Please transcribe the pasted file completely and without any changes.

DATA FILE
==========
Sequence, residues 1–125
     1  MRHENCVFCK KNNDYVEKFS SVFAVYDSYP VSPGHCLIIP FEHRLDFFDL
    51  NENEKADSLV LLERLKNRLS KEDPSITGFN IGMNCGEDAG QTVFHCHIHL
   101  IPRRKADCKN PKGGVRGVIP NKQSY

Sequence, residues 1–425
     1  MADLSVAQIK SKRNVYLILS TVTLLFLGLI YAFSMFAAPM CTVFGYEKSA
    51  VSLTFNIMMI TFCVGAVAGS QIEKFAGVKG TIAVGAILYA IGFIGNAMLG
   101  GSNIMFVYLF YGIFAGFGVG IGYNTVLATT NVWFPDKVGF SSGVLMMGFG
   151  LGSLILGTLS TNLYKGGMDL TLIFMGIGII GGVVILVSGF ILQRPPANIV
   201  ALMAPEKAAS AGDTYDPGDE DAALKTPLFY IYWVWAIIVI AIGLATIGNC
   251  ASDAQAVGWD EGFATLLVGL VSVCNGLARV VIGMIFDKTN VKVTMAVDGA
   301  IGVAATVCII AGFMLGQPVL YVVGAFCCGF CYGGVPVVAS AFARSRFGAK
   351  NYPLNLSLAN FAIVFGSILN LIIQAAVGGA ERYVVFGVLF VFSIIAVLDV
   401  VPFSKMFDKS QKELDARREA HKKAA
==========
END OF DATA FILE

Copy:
Sequence, residues 1–125
     1  MRHENCVFCK KNNDYVEKFS SVFAVYDSYP VSPGHCLIIP FEHRLDFFDL
    51  NENEKADSLV LLERLKNRLS KEDPSITGFN IGMNCGEDAG QTVFHCHIHL
   101  IPRRKADCKN PKGGVRGVIP NKQSY

Sequence, residues 1–425
     1  MADLSVAQIK SKRNVYLILS TVTLLFLGLI YAFSMFAAPM CTVFGYEKSA
    51  VSLTFNIMMI TFCVGAVAGS QIEKFAGVKG TIAVGAILYA IGFIGNAMLG
   101  GSNIMFVYLF YGIFAGFGVG IGYNTVLATT NVWFPDKVGF SSGVLMMGFG
   151  LGSLILGTLS TNLYKGGMDL TLIFMGIGII GGVVILVSGF ILQRPPANIV
   201  ALMAPEKAAS AGDTYDPGDE DAALKTPLFY IYWVWAIIVI AIGLATIGNC
   251  ASDAQAVGWD EGFATLLVGL VSVCNGLARV VIGMIFDKTN VKVTMAVDGA
   301  IGVAATVCII AGFMLGQPVL YVVGAFCCGF CYGGVPVVAS AFARSRFGAK
   351  NYPLNLSLAN FAIVFGSILN LIIQAAVGGA ERYVVFGVLF VFSIIAVLDV
   401  VPFSKMFDKS QKELDARREA HKKAA